Muhlenberg wrestling made a trip down to Baltimore for the end of their 12-8 season. This competition was greatly anticipated as it presented a host of old rivals from the season, such as Luca Colestock’s ‘22 rematch against Jaedyn Harris ‘24 of McDaniel College. 

The Mules finished the Centennial Conference Championship in sixth out of seventh place with 34 points. However, this team performance was not without some success. Colestock successfully defended his Centennial Conference title. In his first bout, Colestock expanded upon his previous dominance against Harris from a previous (3-2) decision to a (5-3) win in the second round. 

Colestock says, “I prepared like any other match, just focused on controlling the pace and getting to my offense. I knew I’d be able to score more points than I did the first time we wrestled and that he’d be gunning for me so my mindset going in was to open up and show what I can do.” Colestock then demonstrated his experience with an emphatic 6-1 decision to win gold.

We’re stronger when we wrestle for the sake of each other

Sean Quaye ’25

Wrestling is a sport that hinges on the tiniest of details that require in-depth analysis. As a typical observer who is used to tracking a football in the air or watching a basketball player take charge, the smart plays may be obvious. In wrestling, the slightest change of hand position could lead to breaking your opponent. 

In order to learn from matches such as Colestock’s, it’s truly important to capture every detail. Ethan Kreuzburg ‘25 describes his experience on the injury roster, now killing it as the Centennial cinematic mastermind explaining that “[his] experience at the Centennial Conference Championship was a lot different than that of the team members actually competing. Film in wrestling, as in most sports, is crucial to analyzing how your matches went and what specific things need to be worked out following the tournament. This was my job. I had to film every Muhlenberg match that I could catch so that my teammates could better themselves after the competition was over.”

Kreuzburg certainly captured what Colestock says was his favorite takedown. “The first takedown I had in my finals match was definitely my favorite. It’s always a huge momentum shift scoring in the first period, especially closing out a period with one and that really set the tone for the whole match.”

Colestock put on a show at the championships, but the fact does not change that the Mules failed to do better than second to last. If they are going to learn anything from their captain Colestock, he hopes they learn, “One thing I hope [the] guys can pick up on from my accomplishments is that they gotta be relentless and put more work in than anyone else. This is the hardest college sport and there is a lot of talent at the D3 level, so you gotta be the hardest worker in the room. Also to listen to our coaches, we have a great staff, including an assistant ranked 13th in the world (Guesseppe Rea) at his weight and Muhlenberg’s first-ever All-American (our Head Coach Jason McLean ‘01), and they know what they’re doing when it comes to developing our wrestling.”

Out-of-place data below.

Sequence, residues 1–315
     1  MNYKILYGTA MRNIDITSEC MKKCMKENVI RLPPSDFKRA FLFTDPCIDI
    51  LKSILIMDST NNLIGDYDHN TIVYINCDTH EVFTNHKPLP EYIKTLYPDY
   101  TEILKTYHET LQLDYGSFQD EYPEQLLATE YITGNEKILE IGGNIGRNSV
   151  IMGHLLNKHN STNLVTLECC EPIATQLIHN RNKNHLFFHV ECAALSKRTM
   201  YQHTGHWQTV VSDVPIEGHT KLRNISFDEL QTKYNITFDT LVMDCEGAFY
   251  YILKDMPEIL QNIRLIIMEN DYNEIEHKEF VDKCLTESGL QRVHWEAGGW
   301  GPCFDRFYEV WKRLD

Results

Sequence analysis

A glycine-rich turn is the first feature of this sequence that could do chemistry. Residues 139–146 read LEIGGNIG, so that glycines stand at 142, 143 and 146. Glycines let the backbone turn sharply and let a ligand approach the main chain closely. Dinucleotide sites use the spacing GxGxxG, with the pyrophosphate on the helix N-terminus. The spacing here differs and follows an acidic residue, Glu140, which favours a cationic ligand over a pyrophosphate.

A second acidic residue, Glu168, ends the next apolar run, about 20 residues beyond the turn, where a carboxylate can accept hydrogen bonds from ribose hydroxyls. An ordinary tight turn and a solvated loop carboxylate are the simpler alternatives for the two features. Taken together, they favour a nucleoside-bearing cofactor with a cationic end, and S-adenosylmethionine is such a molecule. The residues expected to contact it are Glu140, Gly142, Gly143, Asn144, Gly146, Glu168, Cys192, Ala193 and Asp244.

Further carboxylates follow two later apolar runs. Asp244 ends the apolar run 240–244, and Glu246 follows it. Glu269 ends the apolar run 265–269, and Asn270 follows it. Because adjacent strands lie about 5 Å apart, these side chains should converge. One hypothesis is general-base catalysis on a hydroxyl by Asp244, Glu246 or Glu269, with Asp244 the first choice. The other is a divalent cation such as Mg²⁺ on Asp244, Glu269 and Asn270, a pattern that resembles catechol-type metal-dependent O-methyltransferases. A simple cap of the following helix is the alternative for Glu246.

While the camera captures the celebratory moments and the hard pins in this tournament, it also captured the “Patti Scandal.” Jack Patti ‘25 and his overtime scandal is the “Patti Scandal.” Patti had fought two all-out bouts before ending up in the semifinals for third place in the tournament. The bout went to overtime, wherein the rules demand that the first point wins. Patti had successfully taken his opponent to his back with both shoulder blades touching the ground for three seconds, not a pin, but enough for two points. The referee held up two fingers in the air gesturing the end of the match, PATTI WINS. Patti relaxed and in that split second his opponent escaped and the zebra called the match a win for Patti’s Ursinus opponent, Muhlenberg wrestling’s greatest rivalry. 

Patti put up a great fight that day and his future is bright. So while the team will be losing their captain and two-time conference champion Colestock believes. “The performances put on by our 125 and 157-pound wrestlers, Joey Lamparelli ‘24 and Anson Dewar ‘25, really impressed me. I know they both would’ve liked to place higher but they wrestled well and should be proud of placing in their first conference tournament. They’re both super talented and it’s awesome to see young wrestlers have some success early in their careers because it only makes them hungrier for the future.”

Looking forward to next year, Sean Quaye ‘25 describes a beautiful team dynamic that is certainly the dream for every Mule team. He explains that “The members of the team were dedicated to the goals that the team set and to the building of our program. We had a lot of big wins and meshed well as a team. The guys love each other and it wasn’t long before we figured out we’re stronger when we wrestle for the sake of each other rather than our own. We love to win as a team and this season was a strong indicator of such.”

The wrestling team has one more regular-season match in the Dietrich Field House on Feb. 20 and the NCAA Mideast Region Tournament is TBA.

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Matthew joined the Weekly Sports Section in his freshman year to tell the inspiring and compelling stories that transpire over points, games, and seasons.


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